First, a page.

Keeping Your Home Warm and Cosy

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1. Install a (new) Fireplace
Who doesn’t love the ambience of a wood burning fire? (fetching firewood however might be a different story). Replacing your existing fireplace with the new and improved model is reasonably easy, especially if it is part of a larger scale home extension and/or renovation. You just simply pick out the model, advise your designer/ourselves and stand back and wait for the magic flames to happen.

Sadly, it’s no longer possible to install a new/additional wood burning fireplace without getting consent from the council, due to recently introduced air quality regulations. If you need building consent for your home extension or renovation anyway, it’s a relatively small obstacle that our team can work through on your behalf. Alternatively, if you just want a fireplace installed, the manufacturers you purchase the model from should also be able to handle this part of the process for you.

If it all sounds like too much hassle, a gas fireplace might be a better option. Although they haven’t been as popular with our past home extension and renovation clients, due to the smaller flame and lesser heat, recent models have done a lot to improve this, which makes a gas fireplace a more appealing option. Other pro’s of a gas fireplace include convenience – you only require a switch to turn them on and off, reduced mess due to the lack of firewood, coal and ashes and are more environmentally friendly. However, if you’ve been used to a wood burner in the past, you will miss the crackle and hiss of the roaring flame, and are still likely to notice a discernible difference in heat – while a gas fireplace is quick to heat up, it also loses heat rapidly.

Wood burners look especially good in old villas and bungalows, where there is a more traditional aesthetic, and the glass and minimalism of a gas fireplace would be out of place

One of the coolest things about a gas fireplace is the possibility (budget permitting) of making it two-way, meaning it can be a feature for more than one room

2. Purchase a Heat Pump
Besides a gas or wood burning fireplace, a heat pump is the most commonly purchased alternative for heating your home. The bonus with a heat pump as opposed to a fireplace is that it is dual purpose. Essentially, this means it can be used to both warm your place up, or cool it down, depending what time of the year it is! Although they can be a little bit more expensive to install than a fireplace, they require less maintenance and you’ll never regret spending the extra money, especially when it’s too hot to get off the couch, let alone get to the beach.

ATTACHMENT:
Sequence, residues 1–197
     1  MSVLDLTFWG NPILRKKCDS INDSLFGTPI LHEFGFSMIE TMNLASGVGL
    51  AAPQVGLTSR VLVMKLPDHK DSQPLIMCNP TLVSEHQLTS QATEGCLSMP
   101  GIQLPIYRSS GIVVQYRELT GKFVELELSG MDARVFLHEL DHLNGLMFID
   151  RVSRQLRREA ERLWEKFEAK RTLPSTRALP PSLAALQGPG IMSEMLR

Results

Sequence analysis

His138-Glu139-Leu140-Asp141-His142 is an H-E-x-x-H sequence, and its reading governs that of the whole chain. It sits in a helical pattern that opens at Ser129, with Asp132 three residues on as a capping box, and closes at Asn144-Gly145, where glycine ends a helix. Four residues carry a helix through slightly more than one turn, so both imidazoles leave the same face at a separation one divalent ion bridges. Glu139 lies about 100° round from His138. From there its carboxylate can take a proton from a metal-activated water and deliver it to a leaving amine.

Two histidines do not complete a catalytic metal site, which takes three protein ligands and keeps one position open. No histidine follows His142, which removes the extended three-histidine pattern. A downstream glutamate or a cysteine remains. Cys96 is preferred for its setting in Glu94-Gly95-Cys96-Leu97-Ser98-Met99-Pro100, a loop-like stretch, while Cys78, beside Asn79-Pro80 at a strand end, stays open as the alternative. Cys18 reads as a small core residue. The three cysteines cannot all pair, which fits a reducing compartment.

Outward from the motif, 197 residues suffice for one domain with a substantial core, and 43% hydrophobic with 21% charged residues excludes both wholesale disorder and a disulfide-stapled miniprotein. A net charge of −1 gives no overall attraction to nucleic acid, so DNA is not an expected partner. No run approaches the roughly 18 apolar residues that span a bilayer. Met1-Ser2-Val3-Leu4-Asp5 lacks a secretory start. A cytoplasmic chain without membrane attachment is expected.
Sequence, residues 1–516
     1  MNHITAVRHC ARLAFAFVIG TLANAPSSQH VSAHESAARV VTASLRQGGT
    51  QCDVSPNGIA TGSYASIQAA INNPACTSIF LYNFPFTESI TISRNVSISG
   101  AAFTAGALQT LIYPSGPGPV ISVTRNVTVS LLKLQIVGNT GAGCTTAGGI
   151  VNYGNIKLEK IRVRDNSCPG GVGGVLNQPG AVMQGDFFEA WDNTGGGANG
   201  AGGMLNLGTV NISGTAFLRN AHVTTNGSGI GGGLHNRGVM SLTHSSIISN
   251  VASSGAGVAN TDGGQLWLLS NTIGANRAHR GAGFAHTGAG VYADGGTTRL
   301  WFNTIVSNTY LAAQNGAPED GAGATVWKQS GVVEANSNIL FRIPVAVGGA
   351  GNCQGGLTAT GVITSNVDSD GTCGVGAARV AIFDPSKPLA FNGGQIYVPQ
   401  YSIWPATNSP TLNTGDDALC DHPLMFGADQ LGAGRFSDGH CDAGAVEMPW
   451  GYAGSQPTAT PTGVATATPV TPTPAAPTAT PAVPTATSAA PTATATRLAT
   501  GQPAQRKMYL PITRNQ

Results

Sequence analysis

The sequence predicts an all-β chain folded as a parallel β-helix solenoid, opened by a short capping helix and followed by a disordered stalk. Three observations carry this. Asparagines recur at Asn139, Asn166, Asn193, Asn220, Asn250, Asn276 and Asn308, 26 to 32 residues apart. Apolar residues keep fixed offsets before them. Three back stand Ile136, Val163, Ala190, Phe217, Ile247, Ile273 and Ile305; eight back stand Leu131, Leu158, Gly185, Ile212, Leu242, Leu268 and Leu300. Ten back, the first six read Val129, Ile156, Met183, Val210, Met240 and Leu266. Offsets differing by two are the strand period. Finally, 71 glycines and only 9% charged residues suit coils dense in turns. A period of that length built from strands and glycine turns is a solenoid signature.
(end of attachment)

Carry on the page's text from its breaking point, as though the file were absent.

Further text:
One of the coolest functions of a heat pump is that they maintain the temperature that you set them to, i.e. if your optimal room temperature is 20 degrees, they will run until the room gets to that temperature, turn off and then start again if the warmth drops. You are also able to control them remotely, so in the thick of winter you could turn your heat pump on via mobile from work, and then come home to a toasty warm house. Heat pumps are also incredibly energy efficient so you won’t have to worry about big power bills when using either of the aforementioned features, provided you don’t like to live in the tropics year round, most of our house extension and renovation clients don’t note a significant increase.

Heat pumps however do take up quite a bit more room than a fireplace, as they require both an indoor and outdoor unit so if you’re tight on space they may not be the best option. They also aren’t as aesthetically pleasing as a fireplace, so if you like the modern, minimalistic look, they probably aren’t for you. The biggest downside to installing a heat pump is the noise, the units whirring does irritate some people and it definitely isn’t as appealing as the crackle of a wood burning fire. Unless you can sleep through anything, we probably wouldn’t recommend installing a unit in your bedroom, although they are constantly striving to improve this with new models being introduced to the marketplace constantly.

3. Ducted Heating
Ducted heating systems are the new kid on the block, and as a result (depending on what model + size of fireplace you might choose) the most expensive. Essentially, a ducted heating system has a similar sort of function to a heat pump. The main difference being it is ‘ducted’ or installed directly into your ceiling, and typically for maximum efficiency and heat distribution, across multiple rooms. This is in contrast to a standard heat pump or fireplace, where you’d typically only have 1-2 units installed into central areas. 

One of the biggest advantages of a ducted heating system as opposed to a heat pump or a fireplace is that a warm or cool temperature is maintained across all areas of your home. So you won’t be warm in the living area and freezing as you go down the hallway to bed any longer! As ducted heating systems are installed into the ceiling, they are also more aesthetically pleasing, as they don’t require a unit which takes up valuable wall space, inside or outside. 

The biggest negative of selecting a ducted heating system for your home extension or renovation is cost. As a general rule of thumb, you’re looking at double the price of installing a heat pump or fireplace into your main living area i.e. $5,000.00 – $10,000.00 for a heat pump or fireplace, $15,000.00 + for a ducted system. If you are a cold bug, or live in an older home which suffers with condensation challenges, its 150% worth the expense, as will have the biggest benefits, but the choice is down to you! 

If you’d like to talk to us further about any of these options and/or completing a home extension or renovation to create a warm + cosy space for your family, please don’t hesitate to reach out either by email or phone;- otherwise, stay tuned for our next blog post! 

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